|US6967143 *||Apr 30, 2003||Nov 22, 2005||Freescale Semiconductor, Inc.||Semiconductor fabrication process with asymmetrical conductive spacers|
|US7002212||Jul 22, 2003||Feb 21, 2006||Hitachi, Ltd.||Static RAM having a TFT with n-type source and drain regions and a p-type region in contact with only the intrinsic channel of the same|
|US7192876||May 22, 2003||Mar 20, 2007||Freescale Semiconductor, Inc.||Transistor with independent gate structures|
|US8624298||Jun 11, 2007||Jan 7, 2014||Samsung Display Co., Ltd.||Display device including thin film transistor|
|US8652885||Jun 11, 2007||Feb 18, 2014||Samsung Display Co., Ltd.||Method of fabricating thin film transistor|
|US9012913 *||Jan 3, 2013||Apr 21, 2015||Semiconductor Energy Laboratory Co., Ltd.||Semiconductor device and method for manufacturing semiconductor device|
|US9287410||Dec 16, 2014||Mar 15, 2016||Semiconductor Energy Laboratory Co., Ltd.||Semiconductor device|
|US20040079995 *||Oct 16, 2003||Apr 29, 2004||Andres Bryant||Body contact mosfet|
|US20040212752 *||Jul 22, 2003||Oct 28, 2004||Tatsuya Ohkubo||Semiconductor element and liquid crystal display device using the same|
|US20040217392 *||Apr 30, 2003||Nov 4, 2004||Leo Mathew||Semiconductor fabrication process with asymmetrical conductive spacers|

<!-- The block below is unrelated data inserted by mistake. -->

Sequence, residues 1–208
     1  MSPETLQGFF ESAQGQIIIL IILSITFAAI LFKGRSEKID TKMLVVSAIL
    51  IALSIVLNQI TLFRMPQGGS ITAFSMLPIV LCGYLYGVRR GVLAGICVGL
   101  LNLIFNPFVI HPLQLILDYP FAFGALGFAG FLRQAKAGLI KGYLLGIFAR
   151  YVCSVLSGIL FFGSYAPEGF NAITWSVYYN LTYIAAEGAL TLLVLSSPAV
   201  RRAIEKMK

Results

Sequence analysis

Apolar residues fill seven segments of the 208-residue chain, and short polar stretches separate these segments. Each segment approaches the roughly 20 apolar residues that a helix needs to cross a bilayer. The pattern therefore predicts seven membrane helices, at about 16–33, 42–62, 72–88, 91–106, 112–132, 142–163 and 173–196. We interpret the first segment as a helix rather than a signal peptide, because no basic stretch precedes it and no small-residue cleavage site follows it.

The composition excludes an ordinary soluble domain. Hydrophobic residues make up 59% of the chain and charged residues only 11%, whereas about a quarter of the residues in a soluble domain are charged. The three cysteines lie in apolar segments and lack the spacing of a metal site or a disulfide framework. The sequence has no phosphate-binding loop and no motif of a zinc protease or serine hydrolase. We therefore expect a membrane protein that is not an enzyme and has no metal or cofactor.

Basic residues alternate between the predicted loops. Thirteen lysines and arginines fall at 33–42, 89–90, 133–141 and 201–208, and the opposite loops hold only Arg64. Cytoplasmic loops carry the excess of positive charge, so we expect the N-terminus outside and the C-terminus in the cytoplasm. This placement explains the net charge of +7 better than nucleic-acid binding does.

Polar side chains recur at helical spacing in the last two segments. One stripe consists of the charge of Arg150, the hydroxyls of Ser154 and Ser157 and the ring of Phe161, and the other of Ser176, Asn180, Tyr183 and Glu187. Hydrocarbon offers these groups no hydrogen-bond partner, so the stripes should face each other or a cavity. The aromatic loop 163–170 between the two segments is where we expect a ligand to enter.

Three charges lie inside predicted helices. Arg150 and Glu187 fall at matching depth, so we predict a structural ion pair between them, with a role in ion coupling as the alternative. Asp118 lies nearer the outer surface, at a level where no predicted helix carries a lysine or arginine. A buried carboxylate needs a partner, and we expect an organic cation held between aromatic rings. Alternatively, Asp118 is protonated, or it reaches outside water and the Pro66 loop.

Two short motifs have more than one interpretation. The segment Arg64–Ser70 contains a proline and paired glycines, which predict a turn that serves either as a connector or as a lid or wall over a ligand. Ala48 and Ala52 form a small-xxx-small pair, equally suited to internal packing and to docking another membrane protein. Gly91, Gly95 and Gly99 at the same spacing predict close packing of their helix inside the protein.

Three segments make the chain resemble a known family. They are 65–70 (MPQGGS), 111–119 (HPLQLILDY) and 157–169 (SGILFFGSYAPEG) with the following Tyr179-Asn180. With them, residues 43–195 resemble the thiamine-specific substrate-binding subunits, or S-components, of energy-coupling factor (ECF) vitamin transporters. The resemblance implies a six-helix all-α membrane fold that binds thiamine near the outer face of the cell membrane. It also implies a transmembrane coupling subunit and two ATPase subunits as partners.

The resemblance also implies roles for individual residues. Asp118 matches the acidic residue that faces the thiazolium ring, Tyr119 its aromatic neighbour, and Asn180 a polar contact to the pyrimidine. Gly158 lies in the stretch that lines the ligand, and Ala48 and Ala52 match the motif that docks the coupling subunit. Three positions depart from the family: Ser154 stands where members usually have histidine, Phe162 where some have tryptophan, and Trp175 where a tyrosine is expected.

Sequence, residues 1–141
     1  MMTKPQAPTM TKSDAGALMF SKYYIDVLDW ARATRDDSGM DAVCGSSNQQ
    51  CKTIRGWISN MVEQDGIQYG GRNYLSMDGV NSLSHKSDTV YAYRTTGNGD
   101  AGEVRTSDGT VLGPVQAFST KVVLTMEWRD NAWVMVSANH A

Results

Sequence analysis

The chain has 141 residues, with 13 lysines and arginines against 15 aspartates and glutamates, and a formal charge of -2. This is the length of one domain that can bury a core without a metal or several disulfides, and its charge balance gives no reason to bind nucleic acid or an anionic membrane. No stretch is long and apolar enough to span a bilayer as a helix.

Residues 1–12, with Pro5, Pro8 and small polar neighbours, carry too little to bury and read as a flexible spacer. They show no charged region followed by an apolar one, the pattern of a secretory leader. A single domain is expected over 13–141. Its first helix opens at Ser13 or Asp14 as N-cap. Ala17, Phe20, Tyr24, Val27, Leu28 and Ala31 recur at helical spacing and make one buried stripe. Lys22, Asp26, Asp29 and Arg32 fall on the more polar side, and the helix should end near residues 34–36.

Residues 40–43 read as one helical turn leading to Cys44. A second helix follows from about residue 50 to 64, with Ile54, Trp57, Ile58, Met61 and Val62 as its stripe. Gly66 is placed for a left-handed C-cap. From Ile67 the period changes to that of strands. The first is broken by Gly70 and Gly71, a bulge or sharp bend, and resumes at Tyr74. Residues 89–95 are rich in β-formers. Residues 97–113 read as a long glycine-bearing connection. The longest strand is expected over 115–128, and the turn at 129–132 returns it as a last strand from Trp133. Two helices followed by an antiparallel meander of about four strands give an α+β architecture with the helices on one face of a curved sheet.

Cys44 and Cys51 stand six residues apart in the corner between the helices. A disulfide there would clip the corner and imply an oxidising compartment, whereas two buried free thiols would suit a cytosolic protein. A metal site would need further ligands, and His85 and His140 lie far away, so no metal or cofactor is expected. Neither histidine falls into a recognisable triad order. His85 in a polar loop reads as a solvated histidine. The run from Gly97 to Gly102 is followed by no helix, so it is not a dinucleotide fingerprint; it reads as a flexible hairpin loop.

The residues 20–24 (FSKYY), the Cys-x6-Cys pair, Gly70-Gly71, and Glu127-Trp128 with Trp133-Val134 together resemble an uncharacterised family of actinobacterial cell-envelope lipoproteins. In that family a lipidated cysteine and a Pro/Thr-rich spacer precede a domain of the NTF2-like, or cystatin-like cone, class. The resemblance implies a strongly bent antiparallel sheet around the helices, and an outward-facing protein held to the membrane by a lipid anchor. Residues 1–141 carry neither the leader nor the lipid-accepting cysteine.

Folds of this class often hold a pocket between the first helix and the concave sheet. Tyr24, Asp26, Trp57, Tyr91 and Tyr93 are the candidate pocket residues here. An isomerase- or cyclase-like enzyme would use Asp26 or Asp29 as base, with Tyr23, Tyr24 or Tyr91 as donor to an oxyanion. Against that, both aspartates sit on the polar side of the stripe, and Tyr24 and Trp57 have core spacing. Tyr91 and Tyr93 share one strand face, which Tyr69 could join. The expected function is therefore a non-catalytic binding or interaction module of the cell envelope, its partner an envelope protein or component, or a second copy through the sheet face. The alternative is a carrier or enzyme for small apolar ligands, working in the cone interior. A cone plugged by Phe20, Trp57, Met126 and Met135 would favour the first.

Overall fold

|US20070228441 *||Jun 11, 2007||Oct 4, 2007||Samsung Sdi Co., Ltd.||Display device including thin film transistor|
|US20070231977 *||Jun 11, 2007||Oct 4, 2007||Samsung Sdi Co., Ltd.||Method of fabricating thin film transistor|
|US20130175530 *||Jan 3, 2013||Jul 11, 2013||Semiconductor Energy Laboratory Co., Ltd.||Semiconductor device and method for manufacturing semiconductor device|
|WO2004100223A2 *||Apr 30, 2004||Nov 18, 2004||Freescale Semiconductor, Inc.||Semiconductor fabrication process with asymmetrical conductive spacers|
|WO2004100223A3 *||Apr 30, 2004||Jun 16, 2005||Freescale Semiconductor Inc||Semiconductor fabrication process with asymmetrical conductive spacers|
|U.S. Classification||257/347, 257/E29.286, 257/354, 257/E29.281, 257/E21.704, 257/901, 257/384, 257/E21.415|
|International Classification||H01L21/86, H01L21/336, H01L29/786|
|Cooperative Classification||Y10S257/901, H01L29/78615, H01L29/66772, H01L29/78654, H01L21/86|
|European Classification||H01L29/66M6T6F15C, H01L29/786B3C, H01L21/86, H01L29/786E2|
|Sep 12, 1990||AS||Assignment|
Owner name: FRENCH STATE REPRESENTED BY THE MINISTER OF POST,
Free format text: ASSIGNMENT OF ASSIGNORS INTEREST.;ASSIGNOR:HAOND, MICHEL;REEL/FRAME:005437/0211
Effective date: 19900625
|Aug 4, 1995||FPAY||Fee payment|
Year of fee payment: 4
|Sep 14, 1999||REMI||Maintenance fee reminder mailed|
|Feb 20, 2000||LAPS||Lapse for failure to pay maintenance fees|
|May 2, 2000||FP||Expired due to failure to pay maintenance fee|
Effective date: 20000218